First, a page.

. See id. at 231–32 (explaining that vendors must have proper permits or registrations to transport fetal tissue and personal religious affiliations as well as inexperience with transporting fetal tissue, can impact the availability, willingness, or cost of vendors with permits to transport remains).
. Id. at 230–31 (recognizing the burdens of requiring providers to rely on vendors with the proper permits or registrations to transport, store, or dispose of human remains).
. Planned Parenthood of Ind. & Ky., Inc. v. Box, 888 F.3d 300, 308 (7th Cir. 2018), rev’d in part, 139 S. Ct. 1780 (2019); see Indiana, March Dimes Peristats, https://www.marchofdimes.org/peristats/ViewSubtopic.aspx?reg=18&top=2&stop=1&lev=1&slev=4&obj=1 [https://perma.cc/JF4Z-7LGC>](last visited Feb. 12, 2020) (providing the population of women of childbearing age in Indiana in 2016 was 1,293,192).
. See Box v. Planned Parenthood of Ind. & Ky., Inc., 139 S. Ct. 1780, 1781–82 (2019).
. Id. at 1781; see also Respondents’ Brief in Opposition to Petition for Writ of Certiorari at 6, Box, 139 S. Ct. 1780 (No. 18-483), 2018 WL 6445987, at *6–7 (explaining that PPINK did not argue the fetal tissue disposition regulation burdened the fundamental right to abortion on appeal because the district court reviewed the regulation alongside a previability abortion ban also enacted in HB 1337, and ultimately struck down the entire bill by determining that the abortion ban violated the fundamental right to abortion and the disposition regulation violated due process by imposing obligations on providers that were not rationally related to a legitimate state interest).
. 462 U.S. 416 (1983), overruled by Planned Parenthood of Se. Pa. v. Casey, 505 U.S. 833 (1992).
. See id. at 451, 452 n.45 (striking down a “vague” disposition regulation, id. at 451, but purporting that more specific regulations may suffice to further a state’s “legitimate interest in proper disposal of fetal remains,” id. at 452 n.45).
. See Planned Parenthood of Se. Pa. v. Casey, 505 U.S. 833, 878, 883 (1992) (overruling Akron, id. at 883, and finding that any “[u]nnecessary health regulations that have the purpose or effect of presenting a substantial obstacle to a woman seeking an abortion impose an undue burden on the right,” id. at 878).
. See Box, 139 S. Ct. at 1781–82 (holding the Seventh Circuit erred by failing to recognize Akron precedent that states have a legitimate interest in regulating fetal tissue and PPINK’s argument failed to implicate the undue burden test from Casey).
. Id. at 1793 (Ginsburg, J., concurring in part and dissenting in part) (stating the Court erred in upholding the disposition regulation when application of the undue burden standard would have yielded a different judgment).
. See id. (finding this case involves the fundamental right to choose abortion, therefore heightened review is in order).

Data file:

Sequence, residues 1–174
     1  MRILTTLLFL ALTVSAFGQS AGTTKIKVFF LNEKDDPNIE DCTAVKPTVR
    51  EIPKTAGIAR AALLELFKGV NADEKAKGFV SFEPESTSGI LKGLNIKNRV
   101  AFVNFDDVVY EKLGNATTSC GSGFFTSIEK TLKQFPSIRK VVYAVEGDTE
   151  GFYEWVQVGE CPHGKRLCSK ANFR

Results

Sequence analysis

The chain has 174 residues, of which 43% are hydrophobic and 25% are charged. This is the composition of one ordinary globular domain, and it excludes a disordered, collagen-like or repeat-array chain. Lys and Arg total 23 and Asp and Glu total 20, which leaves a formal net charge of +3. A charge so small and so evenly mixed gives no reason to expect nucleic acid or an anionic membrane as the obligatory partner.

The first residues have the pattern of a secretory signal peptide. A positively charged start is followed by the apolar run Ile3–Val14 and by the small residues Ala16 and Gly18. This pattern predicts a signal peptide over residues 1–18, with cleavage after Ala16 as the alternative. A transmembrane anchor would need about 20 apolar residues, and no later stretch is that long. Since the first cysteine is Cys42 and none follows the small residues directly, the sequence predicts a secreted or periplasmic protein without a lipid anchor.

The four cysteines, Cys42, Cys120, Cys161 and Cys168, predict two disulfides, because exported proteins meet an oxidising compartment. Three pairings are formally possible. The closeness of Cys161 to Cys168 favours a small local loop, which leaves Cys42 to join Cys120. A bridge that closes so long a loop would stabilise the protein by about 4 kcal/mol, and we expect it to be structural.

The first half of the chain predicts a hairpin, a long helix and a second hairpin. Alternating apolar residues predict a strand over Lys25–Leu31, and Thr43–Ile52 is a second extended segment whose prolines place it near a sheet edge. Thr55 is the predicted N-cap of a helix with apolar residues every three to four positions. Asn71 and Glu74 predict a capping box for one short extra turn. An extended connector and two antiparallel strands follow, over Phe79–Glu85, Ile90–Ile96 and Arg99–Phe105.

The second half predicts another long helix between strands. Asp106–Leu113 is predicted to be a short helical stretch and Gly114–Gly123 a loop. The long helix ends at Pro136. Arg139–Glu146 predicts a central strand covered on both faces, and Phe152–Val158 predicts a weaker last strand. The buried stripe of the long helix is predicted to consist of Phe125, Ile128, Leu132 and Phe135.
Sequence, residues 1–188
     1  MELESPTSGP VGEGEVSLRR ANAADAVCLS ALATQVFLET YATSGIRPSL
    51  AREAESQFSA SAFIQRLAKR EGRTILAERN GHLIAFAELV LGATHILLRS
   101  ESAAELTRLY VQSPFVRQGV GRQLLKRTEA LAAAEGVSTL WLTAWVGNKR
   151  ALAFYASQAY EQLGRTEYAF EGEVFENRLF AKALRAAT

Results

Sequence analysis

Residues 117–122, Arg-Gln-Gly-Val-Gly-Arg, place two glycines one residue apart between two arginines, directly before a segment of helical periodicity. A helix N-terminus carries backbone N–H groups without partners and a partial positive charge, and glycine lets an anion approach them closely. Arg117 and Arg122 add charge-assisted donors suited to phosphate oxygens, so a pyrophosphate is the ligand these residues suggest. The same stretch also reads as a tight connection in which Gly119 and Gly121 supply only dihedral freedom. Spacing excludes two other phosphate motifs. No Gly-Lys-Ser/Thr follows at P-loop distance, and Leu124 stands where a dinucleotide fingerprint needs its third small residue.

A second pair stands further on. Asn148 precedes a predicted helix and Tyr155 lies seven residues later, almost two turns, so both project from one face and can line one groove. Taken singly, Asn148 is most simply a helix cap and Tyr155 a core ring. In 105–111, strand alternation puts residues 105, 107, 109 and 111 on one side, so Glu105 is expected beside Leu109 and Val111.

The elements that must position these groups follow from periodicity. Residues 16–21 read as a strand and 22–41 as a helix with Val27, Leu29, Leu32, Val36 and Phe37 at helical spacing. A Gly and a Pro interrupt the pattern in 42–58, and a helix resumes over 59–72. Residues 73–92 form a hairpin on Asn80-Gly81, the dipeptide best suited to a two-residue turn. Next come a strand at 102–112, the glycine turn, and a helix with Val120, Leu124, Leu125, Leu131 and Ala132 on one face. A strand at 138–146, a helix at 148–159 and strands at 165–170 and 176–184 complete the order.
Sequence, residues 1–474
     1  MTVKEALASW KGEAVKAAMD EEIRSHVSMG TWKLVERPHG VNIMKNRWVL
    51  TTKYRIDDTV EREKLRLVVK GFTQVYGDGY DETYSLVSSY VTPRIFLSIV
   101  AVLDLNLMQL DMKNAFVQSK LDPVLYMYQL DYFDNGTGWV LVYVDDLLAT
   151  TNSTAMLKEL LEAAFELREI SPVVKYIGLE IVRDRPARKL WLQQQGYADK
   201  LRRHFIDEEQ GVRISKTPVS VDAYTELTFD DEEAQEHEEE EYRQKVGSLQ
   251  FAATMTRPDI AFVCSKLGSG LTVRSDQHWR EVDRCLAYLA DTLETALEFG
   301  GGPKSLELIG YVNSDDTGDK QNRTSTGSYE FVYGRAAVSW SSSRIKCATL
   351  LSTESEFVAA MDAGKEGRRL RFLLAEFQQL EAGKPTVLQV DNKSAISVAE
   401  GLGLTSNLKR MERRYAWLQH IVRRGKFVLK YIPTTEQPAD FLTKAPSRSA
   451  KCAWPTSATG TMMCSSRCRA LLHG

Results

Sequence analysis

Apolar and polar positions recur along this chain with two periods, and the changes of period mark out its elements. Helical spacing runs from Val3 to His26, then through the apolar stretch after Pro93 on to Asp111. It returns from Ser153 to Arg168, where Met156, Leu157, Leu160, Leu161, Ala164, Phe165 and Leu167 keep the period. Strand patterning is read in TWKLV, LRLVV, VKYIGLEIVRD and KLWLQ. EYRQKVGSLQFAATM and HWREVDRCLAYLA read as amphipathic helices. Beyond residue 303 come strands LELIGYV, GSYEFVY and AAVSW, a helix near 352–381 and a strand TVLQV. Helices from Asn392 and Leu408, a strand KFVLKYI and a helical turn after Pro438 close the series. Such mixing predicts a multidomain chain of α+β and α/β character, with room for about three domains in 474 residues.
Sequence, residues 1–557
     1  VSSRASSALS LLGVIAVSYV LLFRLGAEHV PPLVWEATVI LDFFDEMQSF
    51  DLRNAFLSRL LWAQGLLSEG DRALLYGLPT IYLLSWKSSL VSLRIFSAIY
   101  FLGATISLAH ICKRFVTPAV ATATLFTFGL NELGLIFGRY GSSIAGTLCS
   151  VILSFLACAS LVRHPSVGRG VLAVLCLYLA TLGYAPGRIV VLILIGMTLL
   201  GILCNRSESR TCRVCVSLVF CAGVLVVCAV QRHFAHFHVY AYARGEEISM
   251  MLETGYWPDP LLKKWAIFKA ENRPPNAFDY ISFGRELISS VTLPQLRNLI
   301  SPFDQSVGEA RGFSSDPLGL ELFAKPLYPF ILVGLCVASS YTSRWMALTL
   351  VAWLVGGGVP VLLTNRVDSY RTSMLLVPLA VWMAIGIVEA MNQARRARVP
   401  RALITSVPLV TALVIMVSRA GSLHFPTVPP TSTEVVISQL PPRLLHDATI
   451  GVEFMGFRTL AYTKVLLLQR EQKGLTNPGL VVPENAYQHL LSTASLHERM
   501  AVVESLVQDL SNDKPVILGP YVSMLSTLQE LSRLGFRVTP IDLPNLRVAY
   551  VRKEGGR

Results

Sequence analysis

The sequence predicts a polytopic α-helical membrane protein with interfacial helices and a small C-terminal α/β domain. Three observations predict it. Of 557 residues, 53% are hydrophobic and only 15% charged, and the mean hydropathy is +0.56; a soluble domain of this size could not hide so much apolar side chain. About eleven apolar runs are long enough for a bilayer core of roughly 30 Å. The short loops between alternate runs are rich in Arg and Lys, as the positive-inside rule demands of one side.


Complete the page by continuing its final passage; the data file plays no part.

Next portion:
. See id. (stating the Court erred in upholding the disposition regulation when application of undue burden standard would have yielded a different judgment).
. June Med. Servs. L.L.C. v. Gee, 140 S. Ct. 35 (2019) (mem.) (granting petition of certiorari on October 4, 2019, and allotting one hour for oral arguments).
. See Whole Woman’s Health v. Hellerstedt, 136 S. Ct. 2292, 2310–11 (2016); June Med. Servs. L.L.C. v. Gee, 905 F.3d 787, 791 (5th Cir. 2018), cert. granted, 140 S. Ct. 35 (2019).
. Singleton v. Wulff, 428 U.S. 106, 118 (1976) (concluding that “it generally is appropriate to allow a physician to assert the rights of women patients as against governmental interference with the abortion decision”).
. See Opposition to Conditional Cross-Petition for a Writ of Certiorari at 2, June Med. Servs., 140 S. Ct. 35 (No. 18-1460) (providing that “[a]bortion providers’ third-party standing to raise the constitutional rights of their patients is foundational to the Court’s abortion jurisprudence and in keeping with the Court’s time-honored precedents on third-party standing”); Elizabeth Nash & Megan K. Donovan, Admitting Privileges Are Back at the U.S. Supreme Court With Serious Implications for Abortion Access, Guttmacher Inst. (Dec. 3, 2019), https://www.guttmacher.org/article/2019/10/admitting-privileges-are-back-us-supreme-court-serious-implications-abortion-access [https://perma.cc/47T8-VST5].
. June Med. Servs. L.L.C. v. Gee, 814 F.3d 319, 321 & n.2 (5th Cir.), stay of injunction vacated, 136 S. Ct. 1354 (2016) (mem.).
. La. Stat. Ann. § 40:1601.10 (2019).
. Id.; June Med. Servs., 814 F.3d at 321.
. June Med. Servs. L.L.C. v. Kliebert, 250 F. Supp. 3d 27, 38 (M.D. La. 2017), rev’d sub nom. June Med. Servs. L.L.C. v. Gee, 905 F.3d 787 (5th Cir. 2018).